In his powerful book Contagious: Why Things Catch On, Jonah Berger debunks the common misconception that virality happens by chance.

Unlike most, Jonah believes virality is a science that can be reproduced by ensuring that your idea/product/service covers a few essential bases.

In Contagious, he exposes the various elements that make things go viral and breaks them down into six foundational principles.

This article explores his six principles of “catchy” marketing in the context of loyalty and loyalty programs. Whether you’re interested in loyalty marketing, in the process of planning a loyalty initiative or running a loyalty program, these insights will prove invaluable.


1. Social Currency

What makes people buy overpriced clothing brands? Why are certain restaurants or clubs always full while others are always empty? Why are there popular kids at school that everyone else wants to be friends with?

People want to look good, and so will often align themselves with things and people that are considered by most to be better in one way or another.

In the context of loyalty, this means you need to make your program something people actually brag about being a part of. This can be done in any number of ways, including:

  • Exclusivity – Have certain offers, products, services that are only available to your loyalty members. This worked incredibly well with The Cabela’s Club and is easily adaptable to any market.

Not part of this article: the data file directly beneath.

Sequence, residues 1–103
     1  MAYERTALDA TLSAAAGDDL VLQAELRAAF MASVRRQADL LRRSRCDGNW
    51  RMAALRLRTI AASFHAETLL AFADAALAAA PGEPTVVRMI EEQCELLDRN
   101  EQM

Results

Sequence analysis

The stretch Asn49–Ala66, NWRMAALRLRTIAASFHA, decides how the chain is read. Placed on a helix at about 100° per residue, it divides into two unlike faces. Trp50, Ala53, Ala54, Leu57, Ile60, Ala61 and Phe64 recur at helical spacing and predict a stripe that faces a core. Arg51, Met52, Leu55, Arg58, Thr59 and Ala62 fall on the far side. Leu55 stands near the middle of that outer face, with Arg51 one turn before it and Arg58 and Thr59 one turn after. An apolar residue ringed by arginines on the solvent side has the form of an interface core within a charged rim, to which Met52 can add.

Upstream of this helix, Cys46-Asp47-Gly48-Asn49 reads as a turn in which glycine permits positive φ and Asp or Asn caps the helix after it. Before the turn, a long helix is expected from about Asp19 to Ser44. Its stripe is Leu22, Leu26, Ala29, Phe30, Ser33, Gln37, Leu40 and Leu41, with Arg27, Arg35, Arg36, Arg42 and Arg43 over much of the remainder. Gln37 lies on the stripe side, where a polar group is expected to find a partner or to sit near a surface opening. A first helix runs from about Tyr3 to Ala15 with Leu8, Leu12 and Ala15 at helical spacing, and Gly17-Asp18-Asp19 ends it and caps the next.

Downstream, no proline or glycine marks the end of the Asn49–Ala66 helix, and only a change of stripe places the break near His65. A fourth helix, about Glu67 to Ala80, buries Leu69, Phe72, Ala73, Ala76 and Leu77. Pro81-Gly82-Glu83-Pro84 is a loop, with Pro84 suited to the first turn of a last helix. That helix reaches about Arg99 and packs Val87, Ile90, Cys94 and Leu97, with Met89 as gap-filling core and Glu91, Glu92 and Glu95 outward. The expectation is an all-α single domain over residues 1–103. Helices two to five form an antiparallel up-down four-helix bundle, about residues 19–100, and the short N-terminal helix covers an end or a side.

• Design – Almost everybody appreciates great design. And your card is the perfect opportunity to impress your customers. Giving your customers a card that looks and feels unusual and interesting may encourage them to show it to their friends. Perhaps it’s an unusual texture or shape, perhaps it’s just a great picture. Get creative. And if you can’t, set up a project on where designers can bid for the work online.
  • Gamification – You can make your loyalty marketing dynamic and engaging with things like game mechanics, where people earn points for doing specific things, like following you on social media or sharing your content.

2. Triggers

Triggers work by associating your idea/product/service with something that happens regularly (weekly, monthly, yearly). For example, on Facebook, people often post old photographs on “Throwback Thursday.”

Common loyalty program benefits may be Monday Madness where all drinks are free for a restaurant’s loyalty members. Or 2-for-1 Tuesdays on select products at retail stores.

3. Emotion

Emotional connections with your brand strengthen loyalty. When you use emotions to connect with customers, they’re more likely to have strong positive feelings toward your brand. One way businesses do this with loyalty marketing is by promoting social responsibility.

For example, customers could have the option of donating the cash equivalent of their loyalty points to a charity. These campaigns can be particularly effective when promoted over social media, because people enjoy sharing when they do something they find socially positive.